SUN VALLEY, Idaho — Some in Idaho’s water circles are proposing the establishment of a new water court to expedite the hearing and appeal process in a growing number of contested water delivery calls.
Two Idaho water law attorneys presented the pros and cons of a special district court during the Idaho Water Users Association’s summer water law seminar in Sun Valley on Monday.
The idea took root last spring. A proposal allowing a petition to be heard either by the director of Idaho Department of Water Resources or the Snake River Basin Adjudication court was taken to the Legislature in January.
It didn’t get far, but the Legislature did appoint a working group to further discuss the issue.
“What I was seeing as a marriage ceremony, others were seeing as a knife fight,” said Boise water attorney Tom Arkoosh.
Proponents backed off but will continue to work on the idea, he said.
The idea is to capture the expertise of the SRBA court to move water hearings along in a timely fashion, he said.
Water delivery calls over the past decade have taken an average of three years each to resolve, bouncing back and forth through IDWR’s administrative process. A big advantage of a water court would be a more timely process, desired by those on both sides of a water call, he said.
In addition, courts are made for conflict, and all water calls have conflict. It could also reduce the load at IDWR, which could be suffering from lack of resources, and provide an independent hearing officer outside the department, he said.
Some downside could be seen in the transfer of IDWR authority to the court system and the loss of IDWR expertise, he said.
Other objections raised don’t hold water with Arkoosh. One is the added expense of a water court, but litigation is expensive and the costs would be spread statewide, he countered.
Another is that it would lead to hearing forum shopping, which is exactly the point in allowing a choice of forums, he said.
It’s also been argued that it could lead to unintended consequences to Idaho’s water code, which some claim has been carefully crafted over decades. But that assertion is wrong; the code changes and evolves, he argued.
“It’s in everybody’s interest to hold hearings as quickly as possible,” but that’s not happening today, he said.
The options are staying the course, establishing a water court or establishing an independent hearing officer corps, such as what is used by federal agencies, he said.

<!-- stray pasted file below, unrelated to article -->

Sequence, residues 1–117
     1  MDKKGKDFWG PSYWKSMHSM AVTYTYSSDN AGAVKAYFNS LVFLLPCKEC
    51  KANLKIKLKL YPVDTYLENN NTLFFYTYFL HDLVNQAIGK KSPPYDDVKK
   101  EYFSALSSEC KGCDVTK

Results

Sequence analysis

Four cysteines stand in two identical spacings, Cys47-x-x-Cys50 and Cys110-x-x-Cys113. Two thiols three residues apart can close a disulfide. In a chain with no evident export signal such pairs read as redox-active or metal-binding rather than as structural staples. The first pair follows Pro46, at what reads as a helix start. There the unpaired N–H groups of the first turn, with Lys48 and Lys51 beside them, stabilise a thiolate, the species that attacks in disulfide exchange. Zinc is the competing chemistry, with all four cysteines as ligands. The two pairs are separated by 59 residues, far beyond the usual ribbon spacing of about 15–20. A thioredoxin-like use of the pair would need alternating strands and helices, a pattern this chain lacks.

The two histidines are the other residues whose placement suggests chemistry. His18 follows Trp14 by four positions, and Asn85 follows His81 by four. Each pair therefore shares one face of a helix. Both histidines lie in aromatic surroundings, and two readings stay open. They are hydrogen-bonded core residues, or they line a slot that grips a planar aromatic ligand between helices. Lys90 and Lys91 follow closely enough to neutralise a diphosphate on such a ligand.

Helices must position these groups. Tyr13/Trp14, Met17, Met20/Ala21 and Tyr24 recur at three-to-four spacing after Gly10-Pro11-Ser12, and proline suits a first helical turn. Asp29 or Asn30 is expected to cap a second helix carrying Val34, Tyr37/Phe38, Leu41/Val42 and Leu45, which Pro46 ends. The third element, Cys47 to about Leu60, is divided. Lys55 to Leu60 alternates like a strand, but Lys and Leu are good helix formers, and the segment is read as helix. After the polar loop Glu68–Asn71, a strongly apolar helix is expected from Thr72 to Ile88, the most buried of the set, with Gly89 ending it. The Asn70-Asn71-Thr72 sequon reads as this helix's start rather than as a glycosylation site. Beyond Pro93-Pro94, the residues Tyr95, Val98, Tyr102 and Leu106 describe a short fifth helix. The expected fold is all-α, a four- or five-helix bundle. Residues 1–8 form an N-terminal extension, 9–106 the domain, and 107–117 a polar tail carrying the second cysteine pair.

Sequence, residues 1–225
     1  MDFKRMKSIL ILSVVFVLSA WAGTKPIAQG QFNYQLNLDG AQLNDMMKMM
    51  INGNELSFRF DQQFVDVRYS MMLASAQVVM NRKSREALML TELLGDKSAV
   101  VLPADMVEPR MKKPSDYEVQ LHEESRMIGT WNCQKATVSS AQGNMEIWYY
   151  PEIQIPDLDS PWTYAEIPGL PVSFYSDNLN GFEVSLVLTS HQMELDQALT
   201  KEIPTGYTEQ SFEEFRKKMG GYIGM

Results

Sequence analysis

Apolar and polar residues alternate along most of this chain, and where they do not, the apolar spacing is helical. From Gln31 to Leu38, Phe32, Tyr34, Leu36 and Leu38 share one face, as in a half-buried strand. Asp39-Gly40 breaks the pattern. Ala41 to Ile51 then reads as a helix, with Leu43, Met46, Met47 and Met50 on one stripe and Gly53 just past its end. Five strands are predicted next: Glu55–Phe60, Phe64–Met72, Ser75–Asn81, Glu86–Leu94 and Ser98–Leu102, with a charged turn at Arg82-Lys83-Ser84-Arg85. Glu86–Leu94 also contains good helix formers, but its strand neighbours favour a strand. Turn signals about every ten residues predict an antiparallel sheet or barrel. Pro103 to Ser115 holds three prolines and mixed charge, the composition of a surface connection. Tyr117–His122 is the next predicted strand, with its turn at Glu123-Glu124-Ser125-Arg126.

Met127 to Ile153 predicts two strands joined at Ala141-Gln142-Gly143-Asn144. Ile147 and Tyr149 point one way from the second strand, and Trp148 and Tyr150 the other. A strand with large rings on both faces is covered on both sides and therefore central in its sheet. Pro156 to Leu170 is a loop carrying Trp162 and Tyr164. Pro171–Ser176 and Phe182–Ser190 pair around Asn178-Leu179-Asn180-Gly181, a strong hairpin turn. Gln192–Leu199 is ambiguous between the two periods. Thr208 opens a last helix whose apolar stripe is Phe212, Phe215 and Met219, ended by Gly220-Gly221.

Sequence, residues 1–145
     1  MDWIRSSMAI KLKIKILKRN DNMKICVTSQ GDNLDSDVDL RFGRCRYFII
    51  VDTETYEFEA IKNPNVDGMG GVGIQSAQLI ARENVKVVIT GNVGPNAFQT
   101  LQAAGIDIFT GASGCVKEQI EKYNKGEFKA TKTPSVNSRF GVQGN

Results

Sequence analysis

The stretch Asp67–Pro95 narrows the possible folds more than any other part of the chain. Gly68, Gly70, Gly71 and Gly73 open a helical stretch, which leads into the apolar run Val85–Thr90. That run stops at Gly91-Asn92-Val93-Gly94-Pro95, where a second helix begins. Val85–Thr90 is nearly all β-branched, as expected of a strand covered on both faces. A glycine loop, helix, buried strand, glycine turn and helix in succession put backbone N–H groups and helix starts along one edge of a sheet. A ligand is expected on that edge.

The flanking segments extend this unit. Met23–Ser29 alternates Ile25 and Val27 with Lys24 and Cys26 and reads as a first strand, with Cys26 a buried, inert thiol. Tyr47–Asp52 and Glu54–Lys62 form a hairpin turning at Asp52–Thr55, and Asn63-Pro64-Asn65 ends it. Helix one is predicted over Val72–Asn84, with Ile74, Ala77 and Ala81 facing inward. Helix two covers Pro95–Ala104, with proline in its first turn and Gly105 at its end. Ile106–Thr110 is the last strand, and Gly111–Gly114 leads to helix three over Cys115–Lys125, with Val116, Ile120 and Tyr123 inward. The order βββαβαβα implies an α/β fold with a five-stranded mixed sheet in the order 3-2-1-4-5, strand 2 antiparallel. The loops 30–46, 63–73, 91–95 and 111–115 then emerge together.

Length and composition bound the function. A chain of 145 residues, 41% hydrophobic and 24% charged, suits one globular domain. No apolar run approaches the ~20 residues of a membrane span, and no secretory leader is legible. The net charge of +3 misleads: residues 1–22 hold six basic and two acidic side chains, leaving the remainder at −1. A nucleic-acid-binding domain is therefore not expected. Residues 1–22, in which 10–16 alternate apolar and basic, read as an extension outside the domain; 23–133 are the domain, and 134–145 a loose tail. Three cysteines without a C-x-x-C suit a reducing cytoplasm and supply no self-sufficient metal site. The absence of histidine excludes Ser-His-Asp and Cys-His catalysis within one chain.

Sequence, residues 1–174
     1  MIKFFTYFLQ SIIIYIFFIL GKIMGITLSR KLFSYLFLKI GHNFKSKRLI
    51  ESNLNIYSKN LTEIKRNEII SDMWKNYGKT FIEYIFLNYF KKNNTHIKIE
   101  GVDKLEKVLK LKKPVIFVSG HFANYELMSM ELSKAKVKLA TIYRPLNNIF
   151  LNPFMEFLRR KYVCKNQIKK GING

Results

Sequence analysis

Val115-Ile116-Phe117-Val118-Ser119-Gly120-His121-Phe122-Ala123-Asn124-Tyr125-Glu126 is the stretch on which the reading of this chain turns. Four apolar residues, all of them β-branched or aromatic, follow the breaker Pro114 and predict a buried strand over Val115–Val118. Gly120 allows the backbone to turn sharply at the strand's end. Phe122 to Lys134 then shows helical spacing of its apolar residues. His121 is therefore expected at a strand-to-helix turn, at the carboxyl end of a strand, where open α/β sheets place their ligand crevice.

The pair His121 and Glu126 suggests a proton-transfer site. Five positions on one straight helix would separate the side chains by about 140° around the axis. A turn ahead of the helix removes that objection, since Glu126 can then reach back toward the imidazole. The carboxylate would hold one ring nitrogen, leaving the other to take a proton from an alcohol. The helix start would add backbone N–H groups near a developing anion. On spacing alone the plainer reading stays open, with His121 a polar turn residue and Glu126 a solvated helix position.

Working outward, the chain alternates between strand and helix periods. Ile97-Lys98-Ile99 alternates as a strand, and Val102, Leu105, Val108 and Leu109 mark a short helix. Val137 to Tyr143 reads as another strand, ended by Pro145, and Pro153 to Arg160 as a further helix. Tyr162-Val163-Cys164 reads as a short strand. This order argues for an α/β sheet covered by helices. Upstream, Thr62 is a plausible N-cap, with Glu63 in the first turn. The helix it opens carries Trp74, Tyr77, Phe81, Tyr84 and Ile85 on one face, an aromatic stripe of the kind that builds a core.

There are some common interests in a water court among Idaho’s water community, such as timely hearings and retaining the SRBA court and its expertise, said Pocatello water attorney T.J. Budge.
When water calls end up in court, attorneys spend a lot of time trying to explain water-rights law and educate judges. SRBA court has institutional knowledge and understanding of water rights and hydrology, and decisions would be more consistent, he said.
Additional costs for the SRBA court in Twin Falls could be overcome pretty easily in this electronic age, and costs would be incurred anyway with some judge somewhere hearing a case, he said.
Another advantage to a water court is the concern of internal lobbying in the department, with department personnel supplying evidence and the director acting as hearing officer, he said.
That said, improving IDWR’s hearing process is a more difficult issue, and he has a hard time imagining the court would be timelier. IDWR mitigation hearings take six to eight weeks, compared with six months to a year in court, he said.
“Agency decision-making is more streamlined, and there’s also concern of loss of agency rules,” he said.
In addition, it’s important for IDWR to have the first say in water rights cases due to its expertise and understanding of how the water being debated affects other water under its conjunctive management.
“The courts don’t have the same breadth of knowledge and understanding,” he said.
Another concern is separation of powers, and there is no precedent for shifting agency authority to judiciary authority, he said.